When we met immigrant workers like "María" and "José," many of them did not want their real names or voices recorded. But they had a sense that, for them, there is no going back. The hiding is over, and they want their stories, their suffering, their dreams and their questions to reach the world. They want some justice.

"Things I’ve seen and that I've lived"

We took over a small storage room in a local office, so workers could hook up with Revolution to give interviews.

CC walked in--a lean, hard Black man, dignified, very tight-lipped at first.  He told of growing up in a sharecropper family with six kids in South Carolina. He talked about picking cotton at seven years old. About how, after the army, he had worked construction until decent pay and benefits just disappeared. And now he was here at the Tar Heel plant.

"They work you hard out there, steady gettin it," CC said, and described how he stands braced on that slimy floor, "chiseling jawbone" in one hard repetitive downward jerk, forcing the hog jowls from the bone on one carcass after another. "It's not something I want for my four kids."

The speed and intensity of the killing is startling. Truckloads bring hundreds of hogs an hour to the pens of the plant. They are raced to the killing floor--stunned, tattooed, and then stabbed once square in the throat. The lifeblood spurts warm, splattering the workers, over and over, one after another. Within seconds the pigs are hanging from hooks--gutted, draining, and moving toward the long lines of workers with razor-sharp knives. It is work that breaks down your joints at the shoulder, the wrist, and the knees. The heavy mixed smell of death and bleach is often overwhelming. Thousands of workers quit every year, or get injured or fired. And just as many arrive.

Smithfield directly employs between 5,000 and 6,000 workers. But their turnover is so huge that they also hire around 5,000 new workers each year.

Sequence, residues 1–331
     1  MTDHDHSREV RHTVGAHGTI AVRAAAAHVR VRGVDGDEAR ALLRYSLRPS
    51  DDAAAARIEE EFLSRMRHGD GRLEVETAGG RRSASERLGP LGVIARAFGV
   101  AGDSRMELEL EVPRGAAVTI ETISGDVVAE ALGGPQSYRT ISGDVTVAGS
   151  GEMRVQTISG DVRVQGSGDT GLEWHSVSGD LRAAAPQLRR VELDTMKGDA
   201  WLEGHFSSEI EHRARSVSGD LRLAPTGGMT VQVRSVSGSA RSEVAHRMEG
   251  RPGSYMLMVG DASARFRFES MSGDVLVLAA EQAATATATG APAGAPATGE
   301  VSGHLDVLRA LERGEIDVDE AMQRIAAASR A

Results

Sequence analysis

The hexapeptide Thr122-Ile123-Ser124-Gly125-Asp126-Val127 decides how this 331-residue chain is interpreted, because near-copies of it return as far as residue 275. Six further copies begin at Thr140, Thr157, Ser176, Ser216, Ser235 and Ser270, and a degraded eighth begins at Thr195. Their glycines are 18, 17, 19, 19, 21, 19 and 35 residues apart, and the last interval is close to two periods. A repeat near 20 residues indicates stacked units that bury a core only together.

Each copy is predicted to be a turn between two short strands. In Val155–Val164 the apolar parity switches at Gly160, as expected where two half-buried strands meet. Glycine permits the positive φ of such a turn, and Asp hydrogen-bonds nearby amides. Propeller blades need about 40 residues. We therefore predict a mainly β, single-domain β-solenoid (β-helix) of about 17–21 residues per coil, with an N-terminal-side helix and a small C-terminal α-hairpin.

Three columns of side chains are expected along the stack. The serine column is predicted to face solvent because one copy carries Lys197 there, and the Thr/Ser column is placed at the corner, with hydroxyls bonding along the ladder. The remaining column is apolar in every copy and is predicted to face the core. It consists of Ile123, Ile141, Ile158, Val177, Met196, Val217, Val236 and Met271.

When the plant first opened in 1992, it employed mainly Black workers (plus about 30% that were either white or Lumbee Indian). Smithfield brought convict labor onto the line. And alongside them came numbers of Black "ex-cons" who have trouble getting hired anywhere else.

Smithfield quickly went through a lot of the Black workers from the surrounding areas--and the company was obviously worried that the ongoing organizing might bring in a union. And so by the mid-1990s, Smithfield, like many other capitalists, was actively recruiting immigrant workers from Mexico and Central America. They dreamed of a workforce that was more desperate, grateful, intimidated and divided. No one knows for sure if Smithfield directly contracted with coyotes--but certainly they put out the word that anyone who made it here to their plant was guaranteed a job, no questions asked.

When I asked José how he ended up in Tar Heel 12 years ago, he said simply, "That's where the van was heading."

CC says, "It's not just Black and white anymore." What's true for the plant is true for the South. Smithfield's operation is about 65% Latino and 30% Black--at least for now.

Workers are tightly segregated from each other by work crew and language.  CC talks about how the system based on petty favoritism inflames the hostilities: "They are working to keep Mexican and Black at each other. They do something to satisfy the Mexican, and Blacks get angry. Do something to please the Blacks to get Mexicans angry." Workers talked of "stare-downs" in the hall between Black and Mexican workers armed with knives, who have no way to speak to each other.

Raphael came to Tar Heel early in this immigration wave. He had been arrested  as a trade union militant in Mexico, and is active in trying to bring the United Food and Commercial Workers into the Tar Heel plant. He tells us of "things I’ve seen and that I've lived."

“I've been working here for nine years," Raphael started, "and they treat us very badly, worse than if we were slaves. There is so much pressure and aggression. They shout at us, ‘You, fucking wetback, get moving.’ They call us ‘motherfuckers’ and more. The supervisors speak to us through crew leaders who translate their orders and insults, and are, unfortunately, Latino like us. Supervisors always want us to work better than we are really doing. If you do it better they want more and more. The line doesn't come like this: dum… dum… dum… it comes like this ta-ta-ta-ta-ta. And there we stand on that line, shoulder to shoulder. So close that we touch, swinging that knife. And there they stand, the supervisors, each with a calculator, always taking the count--and trying to meet their quota for that day--they just get hysterical, just running around screaming, if they think it is falling behind... I knew I was coming here to work. But I didn’t expect the abnormality, and the abuse. I expected something far better than this. Because, many times you’ve seen stuff like this in your own country--but you don’t expect something like this in a country like the U.S.--an advanced country."

In Part 2: A new force announces itself in the sleepy streets of Lumberton, and outrages build toward explosion.